Objective 3: To measure the effects of cover crop mixtures on nitrate leaching during the cover crop season. Progress to date: In year 1, anion resin membranes were placed in the field in September 2011 and collected in November to measure potentially leachable nitrate in the fall; membranes were extracted and analyzed for nitrate. In November, membranes were replaced with anion resin bags that were removed in May 2012. Bags were extracted and analyzed for nitrate content. In year 2, 4 anion resin bags were buried in each plot in September 2012. Two bags from each field were collected in November 2012; the two remaining bags will be collected in May 2013. Bags removed in November will be extracted and analyzed for nitrate content by April 2013. Fluxes in monocultures and mixtures containing the winter hardy N-scavengers canola and cereal rye were significantly lower than fluxes under the no cover crop control, an indication of greater N retention associated with these species (figure 4).
Objective 4: To determine the effect of cover crop mixtures on nitrogen supply to a subsequent cash crop. Progress to date: In year 1, corn was planted in May 2012 and harvested for grain in November 2012. In year 2, corn will be planted in May 2013 and harvested in November 2013. Grain will be analyzed for N content to provide an indicator of N provisioning. A second indicator of N provisioning is the quantity of soil mineral N in early July. The timing of this sampling coincides with the time at which growers would sample to determine if they will apply supplemental N through a side-dress operation (referred to as the pre-side-dress nitrate test). In year 1, the highest mineral N levels were observed in winter hardy N-fixing monocultures (red clover and hairy vetch) and mixtures containing these species (figure 5).
Objective 5: To increase understanding of the mechanisms through which diversity influences N retention and supply in order to assist farmers in choosing species for cover crop mixtures. Progress to date: This objective will be met through synthesis of all data collected during the course of this two year project.
See attached summary of completed project activities.
All field activities planned for August 2011 through December 2012 were completed as proposed and there have been no changes to the proposed plan of work. Based on outcomes from year 1, we moved the planting date for year 2 up one week in an effort to provide a longer window of time for four of our six winter kill species that showed poor establishment in 2011 (sorghum sudangrass, sunn hemp, foxtail millet, and soybean). In year 2 we also added a second 8-species mix comprised of eight N-scavengers (oats, forage radish, sorghum sudangrass, foxtail millet, canola, cereal rye, barley, and ryegrass). We anticipate that we will again sample cover crops and soils in May 2013 prior to cover crop termination and plant corn in late May for November 2013 harvest.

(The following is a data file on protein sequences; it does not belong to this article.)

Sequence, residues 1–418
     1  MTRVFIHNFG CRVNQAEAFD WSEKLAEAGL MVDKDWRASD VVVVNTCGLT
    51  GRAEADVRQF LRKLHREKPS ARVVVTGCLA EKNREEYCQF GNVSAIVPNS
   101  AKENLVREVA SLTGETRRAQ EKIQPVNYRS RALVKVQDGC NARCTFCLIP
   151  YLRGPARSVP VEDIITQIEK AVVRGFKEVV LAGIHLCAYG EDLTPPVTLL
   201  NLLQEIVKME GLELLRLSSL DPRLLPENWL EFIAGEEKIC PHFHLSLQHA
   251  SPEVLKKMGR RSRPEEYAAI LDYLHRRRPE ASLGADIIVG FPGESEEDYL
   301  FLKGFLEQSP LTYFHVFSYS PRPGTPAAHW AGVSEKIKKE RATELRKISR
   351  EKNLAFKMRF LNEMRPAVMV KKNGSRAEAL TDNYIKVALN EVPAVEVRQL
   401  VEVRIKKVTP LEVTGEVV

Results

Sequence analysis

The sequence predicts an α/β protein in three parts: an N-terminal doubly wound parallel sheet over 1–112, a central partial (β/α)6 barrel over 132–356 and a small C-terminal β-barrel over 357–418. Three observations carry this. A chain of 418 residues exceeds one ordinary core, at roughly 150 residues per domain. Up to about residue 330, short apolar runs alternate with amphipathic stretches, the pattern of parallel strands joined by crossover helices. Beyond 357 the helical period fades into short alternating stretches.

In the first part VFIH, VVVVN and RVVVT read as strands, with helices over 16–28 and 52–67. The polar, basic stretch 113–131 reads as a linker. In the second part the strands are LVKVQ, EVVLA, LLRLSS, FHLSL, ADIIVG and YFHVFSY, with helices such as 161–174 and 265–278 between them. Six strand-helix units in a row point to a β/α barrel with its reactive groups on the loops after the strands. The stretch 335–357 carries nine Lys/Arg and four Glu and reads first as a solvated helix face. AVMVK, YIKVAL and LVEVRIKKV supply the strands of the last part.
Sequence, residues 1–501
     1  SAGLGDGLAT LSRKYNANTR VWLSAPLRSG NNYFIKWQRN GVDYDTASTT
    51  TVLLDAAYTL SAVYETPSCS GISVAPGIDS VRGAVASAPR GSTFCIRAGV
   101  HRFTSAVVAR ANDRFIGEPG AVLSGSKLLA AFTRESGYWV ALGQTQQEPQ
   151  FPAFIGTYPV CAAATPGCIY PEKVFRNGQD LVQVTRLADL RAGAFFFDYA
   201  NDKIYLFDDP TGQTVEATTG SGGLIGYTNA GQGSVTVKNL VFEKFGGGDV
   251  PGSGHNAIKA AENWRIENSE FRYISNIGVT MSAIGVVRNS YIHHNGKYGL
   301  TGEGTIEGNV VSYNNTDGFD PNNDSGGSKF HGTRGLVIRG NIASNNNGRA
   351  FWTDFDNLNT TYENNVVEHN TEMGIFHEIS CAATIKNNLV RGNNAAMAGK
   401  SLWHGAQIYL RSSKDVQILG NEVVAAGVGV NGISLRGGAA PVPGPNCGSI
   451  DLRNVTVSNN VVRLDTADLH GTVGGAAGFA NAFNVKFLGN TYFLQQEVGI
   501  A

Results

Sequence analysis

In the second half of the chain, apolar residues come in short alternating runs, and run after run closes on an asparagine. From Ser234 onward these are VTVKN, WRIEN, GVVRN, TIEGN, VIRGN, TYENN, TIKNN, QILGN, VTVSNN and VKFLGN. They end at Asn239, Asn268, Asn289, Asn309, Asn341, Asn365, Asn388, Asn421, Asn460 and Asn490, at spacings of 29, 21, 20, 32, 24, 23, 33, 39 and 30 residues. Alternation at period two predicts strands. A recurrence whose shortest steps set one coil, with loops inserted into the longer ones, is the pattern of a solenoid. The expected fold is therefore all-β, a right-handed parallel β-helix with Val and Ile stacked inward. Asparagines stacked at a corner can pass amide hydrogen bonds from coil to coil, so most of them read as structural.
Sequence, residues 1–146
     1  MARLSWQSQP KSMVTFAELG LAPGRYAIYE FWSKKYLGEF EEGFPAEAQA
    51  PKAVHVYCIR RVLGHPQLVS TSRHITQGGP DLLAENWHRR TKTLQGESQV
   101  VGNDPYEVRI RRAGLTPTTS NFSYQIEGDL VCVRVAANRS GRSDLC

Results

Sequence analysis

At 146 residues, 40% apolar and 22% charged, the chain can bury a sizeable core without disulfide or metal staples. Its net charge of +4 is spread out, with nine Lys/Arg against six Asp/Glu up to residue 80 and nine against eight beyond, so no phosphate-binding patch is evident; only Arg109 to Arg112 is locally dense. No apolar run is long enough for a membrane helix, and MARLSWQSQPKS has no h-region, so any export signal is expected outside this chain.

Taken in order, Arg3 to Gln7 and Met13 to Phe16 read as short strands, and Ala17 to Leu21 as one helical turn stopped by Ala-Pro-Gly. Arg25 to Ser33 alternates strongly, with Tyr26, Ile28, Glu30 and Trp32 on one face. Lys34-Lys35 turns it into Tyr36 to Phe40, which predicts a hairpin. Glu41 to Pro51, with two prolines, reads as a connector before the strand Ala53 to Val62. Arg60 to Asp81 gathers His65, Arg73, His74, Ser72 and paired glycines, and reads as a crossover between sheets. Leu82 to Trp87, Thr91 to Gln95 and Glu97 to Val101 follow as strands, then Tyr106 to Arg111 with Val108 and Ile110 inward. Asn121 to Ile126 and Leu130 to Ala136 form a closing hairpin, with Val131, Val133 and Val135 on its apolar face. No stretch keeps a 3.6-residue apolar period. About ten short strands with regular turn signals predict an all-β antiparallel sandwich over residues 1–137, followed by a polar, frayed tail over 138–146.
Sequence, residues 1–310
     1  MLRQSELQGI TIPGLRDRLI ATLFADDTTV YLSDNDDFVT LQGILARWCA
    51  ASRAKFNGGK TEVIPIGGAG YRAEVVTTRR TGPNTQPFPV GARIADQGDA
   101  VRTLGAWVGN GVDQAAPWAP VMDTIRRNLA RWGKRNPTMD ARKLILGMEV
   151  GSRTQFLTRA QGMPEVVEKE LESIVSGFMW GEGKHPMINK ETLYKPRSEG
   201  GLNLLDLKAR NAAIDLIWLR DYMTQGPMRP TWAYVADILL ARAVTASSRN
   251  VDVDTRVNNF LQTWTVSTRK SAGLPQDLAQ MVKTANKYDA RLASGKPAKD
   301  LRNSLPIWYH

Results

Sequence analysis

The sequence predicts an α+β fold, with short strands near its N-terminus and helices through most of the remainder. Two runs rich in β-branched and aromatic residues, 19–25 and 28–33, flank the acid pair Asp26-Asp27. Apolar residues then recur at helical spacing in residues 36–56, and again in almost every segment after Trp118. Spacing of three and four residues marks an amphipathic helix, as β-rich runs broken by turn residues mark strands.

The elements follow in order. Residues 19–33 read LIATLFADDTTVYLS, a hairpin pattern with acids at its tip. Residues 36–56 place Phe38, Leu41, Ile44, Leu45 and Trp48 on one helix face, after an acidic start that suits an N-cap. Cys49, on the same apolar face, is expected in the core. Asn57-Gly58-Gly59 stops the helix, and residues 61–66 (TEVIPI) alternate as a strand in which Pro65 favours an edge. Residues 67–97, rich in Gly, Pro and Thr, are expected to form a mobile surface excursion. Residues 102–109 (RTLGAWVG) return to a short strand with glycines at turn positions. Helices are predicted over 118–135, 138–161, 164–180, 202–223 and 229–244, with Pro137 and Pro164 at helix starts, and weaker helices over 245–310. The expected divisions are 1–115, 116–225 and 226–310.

With regard to laboratory analyses, all plant and soil analyses from year 1 have been completed except measurement of aboveground biomass N concentration from May 2012. Analysis of plant and soil samples collected to date in year 2 will be completed in winter 2013. In addition to the proposed analysis, I recently received a grant to conduct metagenomic analysis of soil samples from May 2012 to evaluate microbial community composition under the seventeen cover crop treatments using pyrosequencing.
Impacts and Contributions/Outcomes
Farmers throughout the Northeast have demonstrated interest in cover crops and cover crop mixtures to enhance agricultural productivity and sustainability. One of the goals of my project is to provide farmers and other agricultural professionals with research-based information on the management and benefits of cover crop mixtures. To this end, I have led more than 150 farmers, students, and agricultural professionals on tours of my research plots to date. One tour was part of the Cover Crop Innovations Field Day supported by the Northeast SARE Pennsylvania State Program (http://extension.psu.edu/cover-crops/events/oct27-field-day) as reported in my 2011 annual report. In June 2012 I led a hands-on workshop entitled “Cover Crop Mixtures for Corn Success” with PA-SARE coordinator Charlie White as part of the Strategies for Soil Health and Nutrient Conservation Research Tour. Using data from two field experiments, including this NE-SARE project, we led participants through activities to assess N provision in corn and N retention under various cover crop regimes. Ninety-five percent of participants surveyed reported having some or a great deal of knowledge following the workshop, compared to 73% reporting to have this level of familiarity before attending.
Penn State University
University Park, PA 16802
Office Phone: 8148639922
Penn State University
University Park, PA 16802
Office Phone: 8148631614